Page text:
Working from home nearly all the time, didn't wear a watch most days - the one that did get use was my 1935 Elgin with its expansion band. There is some yellowing of the crystal (as is common) that gives a golden hue to the dial. Fortunately there is no corrosion (from the yellowing crystal) and the dial is still perfectly readable and the mechanism runs fine.
The Flex-Let scissor-type expansion band is a bit later than the watch, but these start becoming fashionable by the mid 1930s so not too inappropriate for this watch. It takes some getting used to, but then works very well. Being expanding, it's very comfortable around the wrist.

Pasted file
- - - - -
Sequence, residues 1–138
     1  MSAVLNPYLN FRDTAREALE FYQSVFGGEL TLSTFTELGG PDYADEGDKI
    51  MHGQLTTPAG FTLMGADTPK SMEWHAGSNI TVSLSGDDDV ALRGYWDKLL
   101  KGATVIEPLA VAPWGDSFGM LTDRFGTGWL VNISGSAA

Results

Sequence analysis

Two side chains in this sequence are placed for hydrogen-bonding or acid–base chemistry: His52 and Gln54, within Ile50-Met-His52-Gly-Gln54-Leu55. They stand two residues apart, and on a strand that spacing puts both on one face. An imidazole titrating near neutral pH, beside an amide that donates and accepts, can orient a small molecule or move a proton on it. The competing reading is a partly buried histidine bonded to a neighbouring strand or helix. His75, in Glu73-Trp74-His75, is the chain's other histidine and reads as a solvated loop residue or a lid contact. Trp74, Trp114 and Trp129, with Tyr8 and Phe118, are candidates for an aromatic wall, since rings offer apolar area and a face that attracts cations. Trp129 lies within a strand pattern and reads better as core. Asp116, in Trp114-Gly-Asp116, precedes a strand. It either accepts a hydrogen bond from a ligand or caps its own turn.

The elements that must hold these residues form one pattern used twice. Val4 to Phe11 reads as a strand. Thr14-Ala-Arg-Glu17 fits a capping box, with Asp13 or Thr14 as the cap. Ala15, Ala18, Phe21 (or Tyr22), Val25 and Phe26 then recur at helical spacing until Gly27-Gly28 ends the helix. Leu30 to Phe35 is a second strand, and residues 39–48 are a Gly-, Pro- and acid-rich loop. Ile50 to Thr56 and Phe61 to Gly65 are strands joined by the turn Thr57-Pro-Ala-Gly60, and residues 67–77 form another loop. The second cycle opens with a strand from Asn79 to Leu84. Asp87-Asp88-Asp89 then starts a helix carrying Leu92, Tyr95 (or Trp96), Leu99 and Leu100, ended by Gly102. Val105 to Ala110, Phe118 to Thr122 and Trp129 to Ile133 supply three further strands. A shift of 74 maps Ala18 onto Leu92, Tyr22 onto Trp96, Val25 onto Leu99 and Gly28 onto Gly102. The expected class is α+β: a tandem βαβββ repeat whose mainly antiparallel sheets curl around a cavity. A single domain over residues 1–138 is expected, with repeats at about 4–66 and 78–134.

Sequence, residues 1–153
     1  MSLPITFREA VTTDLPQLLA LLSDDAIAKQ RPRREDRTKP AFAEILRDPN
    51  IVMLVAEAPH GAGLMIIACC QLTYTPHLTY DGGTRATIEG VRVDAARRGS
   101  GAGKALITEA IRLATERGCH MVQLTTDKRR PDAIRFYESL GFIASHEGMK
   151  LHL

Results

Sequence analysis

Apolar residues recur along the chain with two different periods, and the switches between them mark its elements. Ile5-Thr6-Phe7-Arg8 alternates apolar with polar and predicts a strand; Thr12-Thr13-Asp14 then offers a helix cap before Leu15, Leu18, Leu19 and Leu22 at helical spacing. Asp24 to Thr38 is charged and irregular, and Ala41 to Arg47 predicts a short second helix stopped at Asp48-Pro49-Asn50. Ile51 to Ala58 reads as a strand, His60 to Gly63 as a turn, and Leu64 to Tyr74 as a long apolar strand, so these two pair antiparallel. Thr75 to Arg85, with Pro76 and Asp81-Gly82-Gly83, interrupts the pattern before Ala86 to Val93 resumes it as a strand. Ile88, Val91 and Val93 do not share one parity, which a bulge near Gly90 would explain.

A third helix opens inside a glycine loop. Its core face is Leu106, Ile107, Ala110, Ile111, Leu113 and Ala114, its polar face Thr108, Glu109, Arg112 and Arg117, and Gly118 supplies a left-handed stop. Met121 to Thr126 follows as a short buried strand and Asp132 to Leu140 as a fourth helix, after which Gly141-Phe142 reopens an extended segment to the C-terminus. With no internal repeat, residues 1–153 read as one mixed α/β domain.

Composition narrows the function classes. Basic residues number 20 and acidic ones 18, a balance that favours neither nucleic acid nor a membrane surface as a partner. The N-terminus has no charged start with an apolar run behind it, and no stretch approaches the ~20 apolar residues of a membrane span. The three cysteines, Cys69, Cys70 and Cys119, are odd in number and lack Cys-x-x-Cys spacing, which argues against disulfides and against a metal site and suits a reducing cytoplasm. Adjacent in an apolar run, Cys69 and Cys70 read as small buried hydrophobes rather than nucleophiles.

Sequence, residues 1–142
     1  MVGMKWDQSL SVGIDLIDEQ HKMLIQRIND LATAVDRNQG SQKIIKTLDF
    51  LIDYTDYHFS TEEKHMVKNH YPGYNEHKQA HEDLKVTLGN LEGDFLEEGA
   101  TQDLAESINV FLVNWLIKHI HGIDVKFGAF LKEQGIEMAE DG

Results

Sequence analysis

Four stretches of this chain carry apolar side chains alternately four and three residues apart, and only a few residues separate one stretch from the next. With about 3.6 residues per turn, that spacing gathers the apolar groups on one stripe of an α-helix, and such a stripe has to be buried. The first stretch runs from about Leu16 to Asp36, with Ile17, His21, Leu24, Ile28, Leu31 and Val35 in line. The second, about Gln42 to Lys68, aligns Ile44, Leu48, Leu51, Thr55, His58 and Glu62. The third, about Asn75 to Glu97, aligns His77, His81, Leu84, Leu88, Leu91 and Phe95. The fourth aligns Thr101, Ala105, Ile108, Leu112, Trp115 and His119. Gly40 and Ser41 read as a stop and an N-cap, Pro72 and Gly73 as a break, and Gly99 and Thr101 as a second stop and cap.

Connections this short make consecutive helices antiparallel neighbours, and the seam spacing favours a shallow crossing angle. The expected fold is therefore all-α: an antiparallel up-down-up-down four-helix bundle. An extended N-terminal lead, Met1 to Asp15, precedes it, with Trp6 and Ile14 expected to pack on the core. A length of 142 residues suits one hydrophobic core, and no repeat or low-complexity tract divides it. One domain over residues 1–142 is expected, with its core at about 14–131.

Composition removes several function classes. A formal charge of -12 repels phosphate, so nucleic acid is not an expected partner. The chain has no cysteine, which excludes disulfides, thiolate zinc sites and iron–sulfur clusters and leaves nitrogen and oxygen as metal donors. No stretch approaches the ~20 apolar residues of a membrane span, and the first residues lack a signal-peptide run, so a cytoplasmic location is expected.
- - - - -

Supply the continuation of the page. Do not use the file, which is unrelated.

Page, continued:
The Elgin's gold-filled (i.e. thinly plated) case with stepped-sides is very art-deco - overall a nice, usable timepiece when worn with care.
Also in the frame is an equally art-deco period Remington 5 Portable typewriter with the 'Streamline' housing style.
The black-and-chrome Kodak Six-20 from the mid to late 1930s is lying on Junkers documentation for their vibration-free engine. Not quite Bond-level material, but perhaps 'ten days in Paris' or 'night train to Munich' atmosphere :)
The pencils are late 1930s or 40s items from Faber, the ruler is of the same vintage.
The model car is a (reproduction) Dinky Toy number 39a, the Packard Super 8 from the American cars series released in 1939. The background to it all is a late 1920s Carte Taride linen-backed map of the Garonne region of France.
Hadn't considered it before, it's a nice idea; January as Wristwatch Retrospective Month :-)